Kings Cliffe: Radioactive waste disposal approved

Plans for low-level radioactive waste disposal to be allowed at a landfill site in Northamptonshire have been given the go-ahead by the government.

The decision for Kings Cliffe near Peterborough follows a two-year stand-off between the hazardous waste company Augean and campaigners.

Some 98% of people who voted in local referendums opposed the plans.

This was seen as a test case for waste companies and for the government's proclaimed localism commitment.

Communities Secretary Eric Pickles said he had accepted expert advice that planning permission for this additional waste "would not be harmful to the local community".

Test case

Kings Cliffe Waste Watchers, who have been campaigning against the plan, reacted to the decision by saying it was disappointed that the wishes of local residents had been ignored by a minister who had "declared his commitment to local decision making".

BBC local government correspondent Mike Sergeant says the Kings Cliffe saga has been seen as a test of the government's commitment to localism - ie allowing local communities to make decisions rather than ministers and officials in Whitehall.

A Department for Communities and Local Government spokesman said Mr Pickles had taken account of the detailed findings of the planning inspector who had held a public local inquiry which was open and transparent to the public.

Northamptonshire county councillors had unanimously rejected the plan in March 2010.

Augean says the waste, which is mainly soil and rubble from old nuclear power stations, is very low-level radioactive. It says the amount of radiation emitted will be a small percentage of what we are exposed to naturally every day.

The Kings Cliffe Waste Watchers protest group said the decision was not just of local importance as it was a test case for the government, meaning it could be repeated across the country.

It believes the site will be taking construction rubble from decommissioned nuclear plants because the existing national low-level radioactive waste repository near the Sellafield nuclear plant at Drigg in Cumbria is filling up.

They say the Kings Cliffe landfill would be the first of its kind to take radioactive material from the nuclear industry, nowhere near any nuclear plant.

The residents of Kings Cliffe say an underground water source runs from below the landfill site and that a number of springs, pools and streams in the village could be contaminated.

They say their area, which is more than 90 miles from the nearest nuclear power station, has been unfairly singled out for the waste.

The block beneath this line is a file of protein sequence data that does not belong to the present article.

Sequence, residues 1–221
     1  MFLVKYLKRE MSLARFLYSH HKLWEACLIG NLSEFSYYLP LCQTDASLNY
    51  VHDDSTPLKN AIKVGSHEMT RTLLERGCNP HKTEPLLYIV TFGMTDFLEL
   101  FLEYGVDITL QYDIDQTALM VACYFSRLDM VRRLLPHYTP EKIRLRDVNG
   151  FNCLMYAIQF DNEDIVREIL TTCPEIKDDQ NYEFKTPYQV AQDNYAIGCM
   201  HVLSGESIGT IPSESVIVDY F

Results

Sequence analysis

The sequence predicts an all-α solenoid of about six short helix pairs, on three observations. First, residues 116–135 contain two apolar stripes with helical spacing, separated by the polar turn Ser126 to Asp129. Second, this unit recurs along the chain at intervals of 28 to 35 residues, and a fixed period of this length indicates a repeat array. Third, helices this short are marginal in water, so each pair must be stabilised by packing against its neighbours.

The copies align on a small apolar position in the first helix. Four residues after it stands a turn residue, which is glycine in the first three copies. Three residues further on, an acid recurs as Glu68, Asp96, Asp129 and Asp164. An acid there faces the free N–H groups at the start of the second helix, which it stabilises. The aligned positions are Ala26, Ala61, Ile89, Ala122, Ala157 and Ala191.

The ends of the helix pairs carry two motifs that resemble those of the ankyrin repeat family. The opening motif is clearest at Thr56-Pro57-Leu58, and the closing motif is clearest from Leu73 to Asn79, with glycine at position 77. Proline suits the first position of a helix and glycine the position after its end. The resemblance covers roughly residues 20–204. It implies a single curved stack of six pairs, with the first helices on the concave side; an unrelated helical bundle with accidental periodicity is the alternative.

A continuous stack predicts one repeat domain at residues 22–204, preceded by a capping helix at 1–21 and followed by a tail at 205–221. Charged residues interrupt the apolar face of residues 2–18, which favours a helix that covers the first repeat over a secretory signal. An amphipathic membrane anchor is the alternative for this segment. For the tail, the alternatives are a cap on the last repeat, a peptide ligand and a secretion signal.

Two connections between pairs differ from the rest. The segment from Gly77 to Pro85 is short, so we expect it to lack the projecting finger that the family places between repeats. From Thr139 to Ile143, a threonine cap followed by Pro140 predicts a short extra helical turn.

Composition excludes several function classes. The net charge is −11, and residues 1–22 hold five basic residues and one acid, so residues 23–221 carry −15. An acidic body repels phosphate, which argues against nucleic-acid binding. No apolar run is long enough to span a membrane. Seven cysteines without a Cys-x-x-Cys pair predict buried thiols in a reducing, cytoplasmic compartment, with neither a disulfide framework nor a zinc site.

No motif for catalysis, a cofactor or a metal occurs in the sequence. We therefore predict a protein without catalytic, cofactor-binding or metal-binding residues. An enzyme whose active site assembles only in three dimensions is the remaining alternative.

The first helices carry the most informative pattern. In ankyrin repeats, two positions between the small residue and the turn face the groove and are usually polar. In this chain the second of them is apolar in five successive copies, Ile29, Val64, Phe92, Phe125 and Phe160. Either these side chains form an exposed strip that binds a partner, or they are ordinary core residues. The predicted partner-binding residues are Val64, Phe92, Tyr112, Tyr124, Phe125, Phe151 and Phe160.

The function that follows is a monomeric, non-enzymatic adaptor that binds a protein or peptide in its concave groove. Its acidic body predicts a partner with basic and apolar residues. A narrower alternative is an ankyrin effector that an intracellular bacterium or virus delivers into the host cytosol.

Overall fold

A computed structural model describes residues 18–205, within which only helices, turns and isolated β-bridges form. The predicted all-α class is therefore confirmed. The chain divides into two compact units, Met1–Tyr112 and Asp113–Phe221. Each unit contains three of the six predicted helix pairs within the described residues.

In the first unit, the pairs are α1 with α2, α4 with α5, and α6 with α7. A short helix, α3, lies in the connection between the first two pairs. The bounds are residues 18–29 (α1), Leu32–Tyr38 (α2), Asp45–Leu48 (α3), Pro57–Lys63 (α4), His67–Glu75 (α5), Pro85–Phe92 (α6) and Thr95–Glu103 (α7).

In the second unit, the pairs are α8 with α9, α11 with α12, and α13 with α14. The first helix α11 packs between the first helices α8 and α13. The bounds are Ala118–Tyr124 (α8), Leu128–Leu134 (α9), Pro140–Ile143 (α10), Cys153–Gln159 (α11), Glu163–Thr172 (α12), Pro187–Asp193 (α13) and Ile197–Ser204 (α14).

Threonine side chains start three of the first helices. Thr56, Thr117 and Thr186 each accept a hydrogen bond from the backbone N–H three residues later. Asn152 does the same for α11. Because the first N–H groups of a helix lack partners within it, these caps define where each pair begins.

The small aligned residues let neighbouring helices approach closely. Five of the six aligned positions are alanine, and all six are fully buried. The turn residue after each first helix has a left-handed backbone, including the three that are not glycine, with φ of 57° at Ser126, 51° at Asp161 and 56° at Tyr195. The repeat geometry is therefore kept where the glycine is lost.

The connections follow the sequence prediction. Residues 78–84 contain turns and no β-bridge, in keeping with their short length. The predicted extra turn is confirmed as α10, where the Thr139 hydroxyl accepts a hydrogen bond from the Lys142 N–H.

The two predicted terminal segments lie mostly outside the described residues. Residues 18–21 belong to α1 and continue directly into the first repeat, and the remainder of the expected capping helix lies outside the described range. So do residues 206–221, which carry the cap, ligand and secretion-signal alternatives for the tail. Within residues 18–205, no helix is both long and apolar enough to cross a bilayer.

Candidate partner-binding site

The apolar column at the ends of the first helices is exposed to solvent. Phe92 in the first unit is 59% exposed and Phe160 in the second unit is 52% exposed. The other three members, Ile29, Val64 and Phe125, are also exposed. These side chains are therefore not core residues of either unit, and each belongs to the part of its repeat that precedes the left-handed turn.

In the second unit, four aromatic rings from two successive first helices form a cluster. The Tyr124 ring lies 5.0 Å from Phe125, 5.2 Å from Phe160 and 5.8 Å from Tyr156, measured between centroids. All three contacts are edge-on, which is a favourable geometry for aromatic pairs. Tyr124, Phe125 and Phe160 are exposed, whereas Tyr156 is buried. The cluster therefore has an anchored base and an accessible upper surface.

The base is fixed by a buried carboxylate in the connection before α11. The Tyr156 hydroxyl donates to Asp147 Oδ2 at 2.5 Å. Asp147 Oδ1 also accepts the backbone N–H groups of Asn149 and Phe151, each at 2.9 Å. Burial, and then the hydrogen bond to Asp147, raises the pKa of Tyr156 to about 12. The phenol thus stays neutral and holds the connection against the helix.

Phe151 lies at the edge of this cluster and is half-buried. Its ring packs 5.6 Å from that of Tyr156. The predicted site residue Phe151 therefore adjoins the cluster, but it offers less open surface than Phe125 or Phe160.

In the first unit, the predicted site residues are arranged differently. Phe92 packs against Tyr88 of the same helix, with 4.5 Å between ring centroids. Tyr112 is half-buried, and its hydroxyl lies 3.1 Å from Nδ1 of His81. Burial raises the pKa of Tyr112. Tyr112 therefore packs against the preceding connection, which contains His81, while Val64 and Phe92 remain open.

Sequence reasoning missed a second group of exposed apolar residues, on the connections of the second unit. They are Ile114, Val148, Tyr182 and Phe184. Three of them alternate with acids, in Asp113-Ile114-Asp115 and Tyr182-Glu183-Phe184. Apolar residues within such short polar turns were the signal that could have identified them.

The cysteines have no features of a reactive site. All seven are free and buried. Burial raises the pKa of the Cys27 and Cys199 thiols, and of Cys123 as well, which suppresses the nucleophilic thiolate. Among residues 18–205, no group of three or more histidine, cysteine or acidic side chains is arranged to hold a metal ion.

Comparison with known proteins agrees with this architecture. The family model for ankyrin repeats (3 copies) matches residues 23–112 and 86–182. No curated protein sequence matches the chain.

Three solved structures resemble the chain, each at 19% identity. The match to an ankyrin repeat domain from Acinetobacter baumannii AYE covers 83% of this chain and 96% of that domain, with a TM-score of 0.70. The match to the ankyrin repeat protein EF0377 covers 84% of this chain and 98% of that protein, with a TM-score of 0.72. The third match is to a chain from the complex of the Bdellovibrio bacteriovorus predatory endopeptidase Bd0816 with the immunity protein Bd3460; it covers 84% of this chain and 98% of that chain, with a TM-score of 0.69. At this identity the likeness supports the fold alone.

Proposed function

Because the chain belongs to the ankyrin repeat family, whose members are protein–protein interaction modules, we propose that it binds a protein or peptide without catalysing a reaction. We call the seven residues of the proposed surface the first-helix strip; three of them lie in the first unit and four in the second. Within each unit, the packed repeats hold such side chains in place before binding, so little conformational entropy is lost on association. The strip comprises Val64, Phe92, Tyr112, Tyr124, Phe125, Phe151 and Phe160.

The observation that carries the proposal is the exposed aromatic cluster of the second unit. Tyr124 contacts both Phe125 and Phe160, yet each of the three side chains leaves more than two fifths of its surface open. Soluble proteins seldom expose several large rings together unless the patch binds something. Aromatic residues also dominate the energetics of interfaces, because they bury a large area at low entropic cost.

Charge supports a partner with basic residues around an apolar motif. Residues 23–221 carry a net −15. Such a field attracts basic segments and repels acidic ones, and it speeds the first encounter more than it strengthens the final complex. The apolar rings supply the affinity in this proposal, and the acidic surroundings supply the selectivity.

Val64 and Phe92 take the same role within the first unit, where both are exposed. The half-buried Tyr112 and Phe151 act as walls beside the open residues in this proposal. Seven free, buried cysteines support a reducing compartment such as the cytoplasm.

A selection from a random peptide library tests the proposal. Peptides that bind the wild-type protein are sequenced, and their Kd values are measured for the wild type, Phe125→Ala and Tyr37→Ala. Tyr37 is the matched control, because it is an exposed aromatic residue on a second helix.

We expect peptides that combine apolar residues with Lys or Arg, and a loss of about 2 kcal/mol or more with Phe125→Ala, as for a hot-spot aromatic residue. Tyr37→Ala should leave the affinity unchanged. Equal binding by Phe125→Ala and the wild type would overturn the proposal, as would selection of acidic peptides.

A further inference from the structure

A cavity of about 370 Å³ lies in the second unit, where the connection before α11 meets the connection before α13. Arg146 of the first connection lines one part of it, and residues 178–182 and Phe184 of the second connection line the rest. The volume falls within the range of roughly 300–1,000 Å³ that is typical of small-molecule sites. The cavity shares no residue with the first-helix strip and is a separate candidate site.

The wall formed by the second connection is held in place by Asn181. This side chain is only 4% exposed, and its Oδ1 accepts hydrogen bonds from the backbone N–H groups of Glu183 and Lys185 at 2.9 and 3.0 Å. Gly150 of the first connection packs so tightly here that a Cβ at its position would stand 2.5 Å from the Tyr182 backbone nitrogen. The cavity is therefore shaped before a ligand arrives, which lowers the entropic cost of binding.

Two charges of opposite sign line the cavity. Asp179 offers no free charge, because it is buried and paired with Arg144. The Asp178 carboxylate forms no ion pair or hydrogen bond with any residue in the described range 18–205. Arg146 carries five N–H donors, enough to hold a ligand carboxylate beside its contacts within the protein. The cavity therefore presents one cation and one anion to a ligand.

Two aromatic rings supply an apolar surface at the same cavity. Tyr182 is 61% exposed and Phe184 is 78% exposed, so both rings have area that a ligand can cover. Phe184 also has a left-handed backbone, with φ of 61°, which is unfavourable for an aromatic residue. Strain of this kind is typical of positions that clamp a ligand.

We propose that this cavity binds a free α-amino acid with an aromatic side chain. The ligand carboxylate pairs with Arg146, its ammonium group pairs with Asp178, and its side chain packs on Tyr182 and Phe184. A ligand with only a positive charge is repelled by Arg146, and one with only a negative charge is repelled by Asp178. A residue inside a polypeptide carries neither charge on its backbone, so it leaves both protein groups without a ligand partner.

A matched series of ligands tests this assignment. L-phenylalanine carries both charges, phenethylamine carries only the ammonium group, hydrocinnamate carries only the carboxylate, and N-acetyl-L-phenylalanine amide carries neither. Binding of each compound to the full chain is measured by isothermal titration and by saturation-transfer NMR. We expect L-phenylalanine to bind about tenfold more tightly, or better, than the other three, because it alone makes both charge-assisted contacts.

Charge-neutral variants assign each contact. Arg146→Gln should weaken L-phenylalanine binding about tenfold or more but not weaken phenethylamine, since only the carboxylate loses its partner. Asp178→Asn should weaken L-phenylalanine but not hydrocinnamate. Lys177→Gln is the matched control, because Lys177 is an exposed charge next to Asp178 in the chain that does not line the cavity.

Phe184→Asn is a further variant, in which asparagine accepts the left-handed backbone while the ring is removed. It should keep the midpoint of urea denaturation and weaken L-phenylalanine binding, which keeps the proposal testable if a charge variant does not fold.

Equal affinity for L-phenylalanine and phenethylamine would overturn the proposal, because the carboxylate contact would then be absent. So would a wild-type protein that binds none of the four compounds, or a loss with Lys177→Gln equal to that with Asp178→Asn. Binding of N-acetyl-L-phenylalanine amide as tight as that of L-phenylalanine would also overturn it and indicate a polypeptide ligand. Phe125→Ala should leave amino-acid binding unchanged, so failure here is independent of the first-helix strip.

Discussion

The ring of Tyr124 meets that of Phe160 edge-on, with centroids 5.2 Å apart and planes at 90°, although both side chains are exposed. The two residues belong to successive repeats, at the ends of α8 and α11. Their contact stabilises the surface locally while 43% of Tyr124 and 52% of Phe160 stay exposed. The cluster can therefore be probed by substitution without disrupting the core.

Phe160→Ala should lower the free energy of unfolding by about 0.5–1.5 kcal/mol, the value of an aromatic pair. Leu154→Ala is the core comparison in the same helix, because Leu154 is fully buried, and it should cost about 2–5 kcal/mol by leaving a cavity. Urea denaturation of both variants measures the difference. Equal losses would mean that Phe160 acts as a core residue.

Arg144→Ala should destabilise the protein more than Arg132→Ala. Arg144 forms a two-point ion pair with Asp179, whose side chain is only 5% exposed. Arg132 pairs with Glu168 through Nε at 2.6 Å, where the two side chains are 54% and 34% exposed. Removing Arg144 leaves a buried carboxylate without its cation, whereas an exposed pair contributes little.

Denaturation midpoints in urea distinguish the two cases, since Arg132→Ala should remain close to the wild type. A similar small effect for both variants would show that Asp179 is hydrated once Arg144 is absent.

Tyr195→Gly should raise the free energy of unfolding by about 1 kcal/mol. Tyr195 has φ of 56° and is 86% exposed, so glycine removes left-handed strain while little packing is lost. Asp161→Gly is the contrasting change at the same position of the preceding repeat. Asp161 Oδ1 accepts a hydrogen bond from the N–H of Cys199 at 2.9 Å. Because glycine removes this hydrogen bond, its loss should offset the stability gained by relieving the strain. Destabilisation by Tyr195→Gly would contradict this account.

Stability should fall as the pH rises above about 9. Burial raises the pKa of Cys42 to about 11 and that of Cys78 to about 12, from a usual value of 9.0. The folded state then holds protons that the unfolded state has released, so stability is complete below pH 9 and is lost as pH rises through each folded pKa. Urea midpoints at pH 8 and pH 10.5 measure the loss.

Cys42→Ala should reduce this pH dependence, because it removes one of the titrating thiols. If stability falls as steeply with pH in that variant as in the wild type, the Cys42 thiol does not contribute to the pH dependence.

Our correspondent says the prospect of a new generation of nuclear power stations raises some difficult problems for the UK.

Old reactors

As old reactors are taken out of service, the demolition of surrounding buildings will produce a large amount of low-level radioactive waste.

It is not always possible to dispose of this on the site of the old power station or at existing hazardous waste facilities.

Kings Cliffe Waste Watchers said: "In overturning the decision of the county council, and the wishes of all local government organs, he [Mr Pickles] has hardly demonstrated the level of commitment expected from one who is trying to steer a localism bill through Parliament.

"We are also surprised that the government should consider the forcible disposal of nuclear waste in an area so evidently unprepared for it a positive approach to dealing with the decommissioning of nuclear facilities."

A DCLG spokesman said: "This is an existing landfill site which handles hazardous waste. Having considered all the evidence and representations, the minister has accepted the expert planning advice that granting a temporary planning permission for additional waste would not be harmful to the local community."

Corby MP Louise Bagshawe said: "This government has professed commitment to localism, we had a local referendum at the ballot box, not a petition, actual votes cast and 96% of people were against this dump.

"I will be asking the Secretary of State why his department has taken this appalling decision.

"This seems like a predetermined decision and I am deeply unhappy."

Dr Gene Wilson, from Augean, said: "We hope members of the local community, who have had reservations about these proposals, can be reassured that both the Secretary of State and the Environment Agency would not authorise permission for disposal of these wastes unless they were completely satisfied they present negligible risk to human health or the environment."

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